Banta would probably have survived a few years of the depression, and would have recalled his recording days very much if anyone had bothered to send letters to him like Walsh did with Dan Quinn. 

Banta would probably have written a book later in life, much like Dan Quinn fantasized about doing in the 1930's. It would be somewhat similar to Fred Gaisberg's book, that many people use sections from in articles and biographies of artists that Gaisberg knew of. The amount of information Banta could have given is limitless, same for Fred Hylands or Edward Issler. Issler would have given a full picture of the earliest commercial recordings made, as he was involved in the business starting in 1889, and he was the pianist that all the record companies wanted until Gaisberg came along in 1893. He would have had all sorts of stories that other artists, even fellow studio pianists would never have endured. Issler would have seen the court battle between Edison and North American in 1894 first hand, as he must have been a witness in the courtroom discussion, being the main pianist who worked for both companies. He would have also seen the fall of the U. S. phonograph company in 1896-97. Issler(probably speaking still with a German dialect), would have been a fantastic source to know what being a studio pianist was like, and how complicated and "dirty" the earliest recording business was like, he would have had more knowledge about this than Banta or Hylands had.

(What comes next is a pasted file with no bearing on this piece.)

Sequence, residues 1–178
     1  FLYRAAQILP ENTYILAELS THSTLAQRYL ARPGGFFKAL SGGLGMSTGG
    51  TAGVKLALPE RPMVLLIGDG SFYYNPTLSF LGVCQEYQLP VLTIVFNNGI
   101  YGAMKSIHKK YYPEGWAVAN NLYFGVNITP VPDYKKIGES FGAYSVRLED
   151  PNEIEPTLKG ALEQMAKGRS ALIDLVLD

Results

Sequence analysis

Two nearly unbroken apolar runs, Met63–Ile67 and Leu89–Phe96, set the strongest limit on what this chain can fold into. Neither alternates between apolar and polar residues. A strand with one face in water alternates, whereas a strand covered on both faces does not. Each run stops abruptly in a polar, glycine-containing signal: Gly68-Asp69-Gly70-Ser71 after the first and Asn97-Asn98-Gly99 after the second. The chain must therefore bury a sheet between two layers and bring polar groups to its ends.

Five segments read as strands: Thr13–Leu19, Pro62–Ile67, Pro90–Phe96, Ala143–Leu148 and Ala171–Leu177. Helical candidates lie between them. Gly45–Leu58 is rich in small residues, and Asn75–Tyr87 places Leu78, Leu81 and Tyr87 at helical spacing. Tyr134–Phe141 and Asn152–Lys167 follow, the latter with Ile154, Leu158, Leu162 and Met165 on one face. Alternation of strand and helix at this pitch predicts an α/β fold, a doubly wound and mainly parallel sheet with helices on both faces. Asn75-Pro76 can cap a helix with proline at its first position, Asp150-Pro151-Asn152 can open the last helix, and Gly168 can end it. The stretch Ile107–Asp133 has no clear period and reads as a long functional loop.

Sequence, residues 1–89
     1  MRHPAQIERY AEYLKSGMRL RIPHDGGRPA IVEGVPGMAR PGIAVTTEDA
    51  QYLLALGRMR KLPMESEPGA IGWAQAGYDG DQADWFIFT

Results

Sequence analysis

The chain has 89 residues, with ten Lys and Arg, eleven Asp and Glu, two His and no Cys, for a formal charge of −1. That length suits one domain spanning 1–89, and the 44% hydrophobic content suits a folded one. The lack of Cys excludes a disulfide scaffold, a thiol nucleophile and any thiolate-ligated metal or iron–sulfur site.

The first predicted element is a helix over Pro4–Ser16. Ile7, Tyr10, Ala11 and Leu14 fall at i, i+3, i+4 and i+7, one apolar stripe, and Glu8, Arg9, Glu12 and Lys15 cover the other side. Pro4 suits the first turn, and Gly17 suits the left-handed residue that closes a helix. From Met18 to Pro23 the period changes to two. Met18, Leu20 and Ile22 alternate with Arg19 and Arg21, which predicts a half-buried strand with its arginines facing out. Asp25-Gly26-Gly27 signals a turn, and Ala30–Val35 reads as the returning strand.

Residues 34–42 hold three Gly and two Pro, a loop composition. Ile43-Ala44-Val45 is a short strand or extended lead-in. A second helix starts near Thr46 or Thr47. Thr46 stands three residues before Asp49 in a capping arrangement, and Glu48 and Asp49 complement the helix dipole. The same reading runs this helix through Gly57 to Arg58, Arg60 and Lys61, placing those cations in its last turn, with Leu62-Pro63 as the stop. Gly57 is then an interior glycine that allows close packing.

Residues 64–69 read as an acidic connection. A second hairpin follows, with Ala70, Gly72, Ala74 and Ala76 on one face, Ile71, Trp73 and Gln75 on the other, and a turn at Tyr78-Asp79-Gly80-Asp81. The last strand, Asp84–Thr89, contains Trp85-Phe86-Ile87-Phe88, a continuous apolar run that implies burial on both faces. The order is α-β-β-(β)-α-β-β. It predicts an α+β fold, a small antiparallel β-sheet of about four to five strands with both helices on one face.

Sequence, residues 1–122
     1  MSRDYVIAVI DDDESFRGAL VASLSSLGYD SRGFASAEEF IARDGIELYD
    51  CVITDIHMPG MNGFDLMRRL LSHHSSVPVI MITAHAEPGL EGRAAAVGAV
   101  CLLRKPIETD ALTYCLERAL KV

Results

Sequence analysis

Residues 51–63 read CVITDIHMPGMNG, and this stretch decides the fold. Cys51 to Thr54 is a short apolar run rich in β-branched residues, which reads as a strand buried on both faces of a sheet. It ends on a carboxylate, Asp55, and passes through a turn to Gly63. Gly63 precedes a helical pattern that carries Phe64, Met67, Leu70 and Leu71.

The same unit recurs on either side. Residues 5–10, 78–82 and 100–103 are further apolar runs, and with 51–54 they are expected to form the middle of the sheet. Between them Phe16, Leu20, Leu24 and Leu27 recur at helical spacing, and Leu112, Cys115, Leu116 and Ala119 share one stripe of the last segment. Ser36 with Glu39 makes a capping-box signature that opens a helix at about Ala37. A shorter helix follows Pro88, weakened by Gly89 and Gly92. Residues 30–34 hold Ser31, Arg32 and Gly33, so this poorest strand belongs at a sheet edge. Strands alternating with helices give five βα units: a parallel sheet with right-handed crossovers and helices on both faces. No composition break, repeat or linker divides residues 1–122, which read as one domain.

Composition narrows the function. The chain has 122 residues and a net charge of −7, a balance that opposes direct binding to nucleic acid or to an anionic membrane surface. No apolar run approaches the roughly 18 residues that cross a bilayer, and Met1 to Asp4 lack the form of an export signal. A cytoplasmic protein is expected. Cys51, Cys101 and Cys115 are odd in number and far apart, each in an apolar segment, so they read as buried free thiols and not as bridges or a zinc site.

If only Columbia's ledgers weren't destroyed. And Banta, Hylands, or Issler had lived longer. Then this wouldn't be such a mysterious area of study. Also, those who got to pick and choose from the Columbia ledgers, are beginning to die out, further making the history of Columbia's company lost. 

 Even with all of those flames, this building does still stand however:
Back in 1889:

I hope you enjoyed this!